As far as health and fitness, the rate of price changes for the average health club has held steady at just below inflation for years.  The prices for café food, personal training, specialty exercise, or apparel has also held steady.  Even with the rush of new technologies for equipment and personal monitoring devices (such as FitBit), prices have remained constant. 

Big data in the health and fitness setting should be concentrated on health outcomes.  There are many software programs in the industry now that look at finances, front desk management, club administration, and human resources.  They do their functions well.

If big data is going to continue to look at all aspects of healthcare, and continue to miss the boat regarding improved patient health and well-being, then no amount of data can help repair the continual dysfunction that exists between an over-burdened and (in many opinions) under caring system, and the continued increase in poor health in the US.  Prescribing more pain meds, vaccines, or antibiotics will not help improve health – and in many cases is making health worse. 

The health and fitness profession is on the mark moving into the realm of special populations at every level.  As the amount of population health and data analytics becomes a more ingrained part of wellness, we will see at many levels how these types of interventions improve health, reduce costs, and vastly improve patient satisfaction and retention to their favorite health club, exercise program, or personal trainer.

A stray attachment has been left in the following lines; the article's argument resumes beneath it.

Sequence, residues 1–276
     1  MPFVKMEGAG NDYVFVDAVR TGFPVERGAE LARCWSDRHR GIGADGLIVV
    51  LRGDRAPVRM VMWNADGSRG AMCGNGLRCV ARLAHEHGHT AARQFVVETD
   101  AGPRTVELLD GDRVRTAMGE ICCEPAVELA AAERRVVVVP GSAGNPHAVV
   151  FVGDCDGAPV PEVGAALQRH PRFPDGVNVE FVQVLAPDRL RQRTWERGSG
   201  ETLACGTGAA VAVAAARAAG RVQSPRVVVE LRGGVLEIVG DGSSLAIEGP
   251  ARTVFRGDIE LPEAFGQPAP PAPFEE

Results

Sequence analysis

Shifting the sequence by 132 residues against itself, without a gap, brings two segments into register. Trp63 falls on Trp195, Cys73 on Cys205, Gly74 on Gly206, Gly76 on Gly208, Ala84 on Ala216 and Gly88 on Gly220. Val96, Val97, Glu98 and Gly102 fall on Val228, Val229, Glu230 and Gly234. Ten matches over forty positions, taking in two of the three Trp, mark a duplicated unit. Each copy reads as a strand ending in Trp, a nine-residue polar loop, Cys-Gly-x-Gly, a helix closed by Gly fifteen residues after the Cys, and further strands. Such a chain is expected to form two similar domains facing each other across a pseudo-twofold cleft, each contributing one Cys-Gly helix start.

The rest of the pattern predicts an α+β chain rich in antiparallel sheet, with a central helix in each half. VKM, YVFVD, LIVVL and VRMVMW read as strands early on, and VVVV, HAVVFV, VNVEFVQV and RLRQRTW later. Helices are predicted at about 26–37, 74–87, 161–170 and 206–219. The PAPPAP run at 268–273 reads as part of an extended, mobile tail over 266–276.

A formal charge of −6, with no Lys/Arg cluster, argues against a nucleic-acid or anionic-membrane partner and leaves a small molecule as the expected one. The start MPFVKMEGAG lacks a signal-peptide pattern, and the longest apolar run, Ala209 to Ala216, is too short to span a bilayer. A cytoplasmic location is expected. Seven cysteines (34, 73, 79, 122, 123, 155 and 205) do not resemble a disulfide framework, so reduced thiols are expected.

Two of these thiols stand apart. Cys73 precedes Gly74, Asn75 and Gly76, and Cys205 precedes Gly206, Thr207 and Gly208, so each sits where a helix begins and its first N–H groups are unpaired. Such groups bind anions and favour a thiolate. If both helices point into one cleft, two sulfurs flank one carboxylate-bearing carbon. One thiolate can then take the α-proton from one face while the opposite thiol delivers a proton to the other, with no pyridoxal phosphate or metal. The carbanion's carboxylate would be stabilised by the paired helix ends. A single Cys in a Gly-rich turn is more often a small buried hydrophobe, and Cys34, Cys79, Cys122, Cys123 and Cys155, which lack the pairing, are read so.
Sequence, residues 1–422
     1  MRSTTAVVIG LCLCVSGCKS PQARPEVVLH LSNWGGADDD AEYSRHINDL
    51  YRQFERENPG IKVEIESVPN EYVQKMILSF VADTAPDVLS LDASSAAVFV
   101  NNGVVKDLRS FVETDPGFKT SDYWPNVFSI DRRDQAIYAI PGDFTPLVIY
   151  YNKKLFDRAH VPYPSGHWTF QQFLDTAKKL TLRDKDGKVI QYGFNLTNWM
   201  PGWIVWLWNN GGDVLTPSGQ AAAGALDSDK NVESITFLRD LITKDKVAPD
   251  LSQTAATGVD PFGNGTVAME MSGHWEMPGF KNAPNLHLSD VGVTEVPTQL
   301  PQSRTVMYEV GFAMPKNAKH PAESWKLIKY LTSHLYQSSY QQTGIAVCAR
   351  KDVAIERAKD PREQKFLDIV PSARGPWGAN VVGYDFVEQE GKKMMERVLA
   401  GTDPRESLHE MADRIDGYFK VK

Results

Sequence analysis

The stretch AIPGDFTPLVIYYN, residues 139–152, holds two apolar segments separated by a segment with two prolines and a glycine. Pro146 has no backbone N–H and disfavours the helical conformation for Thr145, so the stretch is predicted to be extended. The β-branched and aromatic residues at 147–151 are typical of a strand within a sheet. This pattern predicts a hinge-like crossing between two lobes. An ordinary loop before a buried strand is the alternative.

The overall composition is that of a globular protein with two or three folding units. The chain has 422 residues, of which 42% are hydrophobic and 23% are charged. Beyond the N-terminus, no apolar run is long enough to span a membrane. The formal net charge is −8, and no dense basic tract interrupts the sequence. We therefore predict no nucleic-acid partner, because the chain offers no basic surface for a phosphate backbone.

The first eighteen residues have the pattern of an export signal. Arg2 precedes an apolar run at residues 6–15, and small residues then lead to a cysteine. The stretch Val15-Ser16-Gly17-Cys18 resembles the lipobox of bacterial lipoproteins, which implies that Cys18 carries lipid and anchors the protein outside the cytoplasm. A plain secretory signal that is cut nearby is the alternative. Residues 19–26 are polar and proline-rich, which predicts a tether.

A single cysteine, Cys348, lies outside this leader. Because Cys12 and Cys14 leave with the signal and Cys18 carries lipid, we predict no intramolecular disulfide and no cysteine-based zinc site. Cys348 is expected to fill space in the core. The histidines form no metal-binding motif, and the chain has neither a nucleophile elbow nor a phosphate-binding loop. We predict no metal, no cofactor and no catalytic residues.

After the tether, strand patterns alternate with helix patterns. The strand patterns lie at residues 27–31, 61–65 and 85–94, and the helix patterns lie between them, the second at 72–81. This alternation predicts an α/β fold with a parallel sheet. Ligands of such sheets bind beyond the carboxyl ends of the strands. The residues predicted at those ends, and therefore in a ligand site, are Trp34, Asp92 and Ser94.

Eric Durak is President of MedHealthFit – a health care education and consulting company in Santa Barbara, CA. A 25 year veteran of the health and fitness industry, he has worked in health clubs, medical research, continuing education, and business development. Among his programs include The Cancer Fit-CARE Program, Exercise Medicine, The Insurance Reimbursement Guide, and Wellness @ Home Series for home care wellness.

 

References

https://www.optum.com/content/dam/optum3/optum/en/resources/gated/Optum_NYUPN_Topic_Spotlight.pdf

Ionnidis, JPA.  Why most published research findings are false.  2005.  PLoS Medicine.  Aug. 30. Doi: 10.1371/journal.pmed.0020124